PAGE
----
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Whiskey and Sky Diving with Dr. Atkins

Whiskey and Sky Diving with Dr. Atkins

"The Big K" ripping Marlboro darts and drinking buckets of whiskey.

“The human mind defines things in relation to one another—without light the notion of darkness would be unintelligible”
– Josh Waitzkin, The Art of Learning

  Me at about 14 and that’s Grandpa pushing 3 bills, just before he lost 90 lbs and went skydiving. I was a county fair cowboy phenom.

Me at about 14 and that’s Grandpa pushing 3 bills, just before he lost 90 lbs and went skydiving. I was a county fair cowboy phenom.

While trying to pinpoint what spurred my deep interest in health, nutrition and fitness I found myself seeing images of my grandpa.  Like a spotty old movie reel my mind flashed images my grandpa Ken, or The Big K, as he was dubbed from his physical size, his huge personality and his legendary ability to make big sales in the car business.


When I was 14 years old all I knew about weight management was what seemed to help me make weight for my middle school and JV high school wrestling tournaments.  My regimen consisted of a strict diet of whatever I wanted except on the day before and the day of a wrestling meet, in which case I limited myself to just an orange for lunch.  Not that big of deal to minimize a lunch but in my family, food was something precious; something that hard working people deserved to indulge in.  My single orange for lunch caught the attention of my middle school math teacher Mr. Groudon who called my dad to tell him what a tragedy wrestling was inflicting on my life.  My dad shrugged it off though and I kept making weight.  I will admit, I had never had to “cut” weight before and as a wrestler, it made me proud. I was a bad ass. I had an orange or a salad for lunch while the other kids got to throw down a sixer of French toast sticks, heavy on the syrup.  Of course most of this toughness was all in my head since making the 160lb weight class as an eighth grader really shouldn’t be an issue for anyone, even if you are “big boned”, as my loving grandmother describes me.

Anyways, I saw my grandpa, The Big K, pretty sporadically in those days.   He was a “player” in a sense, a well-traveled free spirit who, from where I could tell, spent most of his time somewhere between Arizona and Washington, never too long in the same place.  I never hated the player, as they say; I never really even hated the game.  It’s funny how when you are a kid you don’t judge situations, life or people.  You’re just happy to see people.  You rarely waste energy deciding if something is good or bad, you just enjoy it.

All I knew was that one day The Big K was 6’2″ and just a five pound feather under 300 pounds.  Then, a year later he showed up as almost a hundred pounds lighter.  In my younger years I hadn’t seen The Big K as much cause he was still soul searching.  You see, The Big K at one point was also a big drinker.  I recently had a conversation with him where he said “I used to drink buckets of whiskey, it just made me feel so damn good!”.  He gave that all up in the late 70’s though, began to travel around the country and stopped into Minnesota every 6 months or so to have some fun with his old friend “Joey Old Eyes”.  That’s me; Grandpa always said I had the eyes of an old soul.  The Big K wasn’t so big any more, at least physically, he lost almost 100 pounds and when he came over for lunch all he ate was meat, cheese and vegetables.  Not bread, not rice, not potatoes and no sugar in his coffee or tea.  I guess back then the famous Atkins diet, which had reached the peak of it’s popularity had also caught his attention.  He said some buddy of his, a Polish guy, had done it and it worked well so he decided to give it a shot and it worked great for him.  So great in fact that The Big K decided to go skydiving on his 70th  birthday.  Yup The Big K, just a shade under 3 bills, unable to tee up his own golf ball, drinking buckets of whiskey, throwing a couple packs a day of Marlboro darts down at the ashtray was able to transform into a lean, mean skydiving machine on his 70th birthday.  He was a strict follower of the Atkins Diet.  If you haven’t heard of Dr. Atkins, I would describe him as one of the prominent early figures to understand and advocate how to survive, successfully, on a low carb diet.  At the time Dr. Atkins was criticized and questioned by “conventional wisdom” which preached a diet of 6-11 servings of grains per day coupled with a low fat suggestion.  The OGs (original gangsters) of low carb  were our ancestors; If you trace your family tree back a mere 10,000-40,000 years, you will find our ancestors were stronger, leaner and healthier than us, they were hunter gatherers.  They passed their genes down to us.  We have the genes of humans who evolved to thrive on a low carb, hunter gatherer diet.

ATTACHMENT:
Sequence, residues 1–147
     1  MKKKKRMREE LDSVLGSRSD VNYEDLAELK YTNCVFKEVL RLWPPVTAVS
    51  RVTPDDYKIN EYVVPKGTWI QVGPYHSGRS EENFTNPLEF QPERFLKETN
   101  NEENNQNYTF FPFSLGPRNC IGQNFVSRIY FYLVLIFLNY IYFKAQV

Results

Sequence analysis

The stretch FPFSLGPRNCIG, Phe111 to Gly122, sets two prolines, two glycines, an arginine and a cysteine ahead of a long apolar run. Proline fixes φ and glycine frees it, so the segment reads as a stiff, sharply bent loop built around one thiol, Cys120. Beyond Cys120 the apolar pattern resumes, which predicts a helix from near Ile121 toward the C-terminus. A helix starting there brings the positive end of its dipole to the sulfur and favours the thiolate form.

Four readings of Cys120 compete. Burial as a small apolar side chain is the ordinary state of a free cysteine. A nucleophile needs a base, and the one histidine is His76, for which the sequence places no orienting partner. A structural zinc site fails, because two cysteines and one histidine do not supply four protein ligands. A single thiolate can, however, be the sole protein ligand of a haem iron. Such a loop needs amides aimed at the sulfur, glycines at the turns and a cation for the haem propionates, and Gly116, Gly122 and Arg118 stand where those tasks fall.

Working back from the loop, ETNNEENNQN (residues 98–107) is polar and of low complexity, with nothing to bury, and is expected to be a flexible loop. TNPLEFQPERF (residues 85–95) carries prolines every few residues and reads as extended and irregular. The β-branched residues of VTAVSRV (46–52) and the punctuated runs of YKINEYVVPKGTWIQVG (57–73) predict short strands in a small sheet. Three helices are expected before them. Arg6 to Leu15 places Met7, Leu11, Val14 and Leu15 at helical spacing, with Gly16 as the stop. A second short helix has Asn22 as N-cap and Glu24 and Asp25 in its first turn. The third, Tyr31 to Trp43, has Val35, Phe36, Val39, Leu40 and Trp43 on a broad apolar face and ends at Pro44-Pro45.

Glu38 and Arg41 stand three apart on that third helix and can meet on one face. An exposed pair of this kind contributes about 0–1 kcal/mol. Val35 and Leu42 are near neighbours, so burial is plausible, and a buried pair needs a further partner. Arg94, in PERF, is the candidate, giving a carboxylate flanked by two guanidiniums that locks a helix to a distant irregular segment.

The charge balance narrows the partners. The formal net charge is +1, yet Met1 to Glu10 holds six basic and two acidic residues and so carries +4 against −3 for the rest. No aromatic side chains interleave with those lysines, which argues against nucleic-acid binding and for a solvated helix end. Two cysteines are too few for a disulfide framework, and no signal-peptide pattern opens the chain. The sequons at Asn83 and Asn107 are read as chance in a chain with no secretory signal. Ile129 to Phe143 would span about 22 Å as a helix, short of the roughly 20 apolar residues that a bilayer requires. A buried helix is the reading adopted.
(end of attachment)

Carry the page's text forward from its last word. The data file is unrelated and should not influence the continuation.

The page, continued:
So if I had to put a starting point on this whole deal I’d say it was the site of my Grandpa almost 100lb smaller than I had ever seen him.  He told us he felt amazing, he sure looked better, seemed to have more energy, told us he didn’t need to carry his insulin pouch around anymore and most importantly that twinkle in his smile and his wise ass sense of humor was still there.  It was a paradigm shift for me.  All I knew, or heard was that if you eat less you lose weight.  But, I noticed The Big K didn’t eat less, he just ate less of certain foods.  It would be several years before this seed of thought grew large enough in my mind to revisit it.

College Wrestling, Losing Weight the Hard Way

College Wrestling, Losing Weight the Hard Way

What and Why?

What and Why?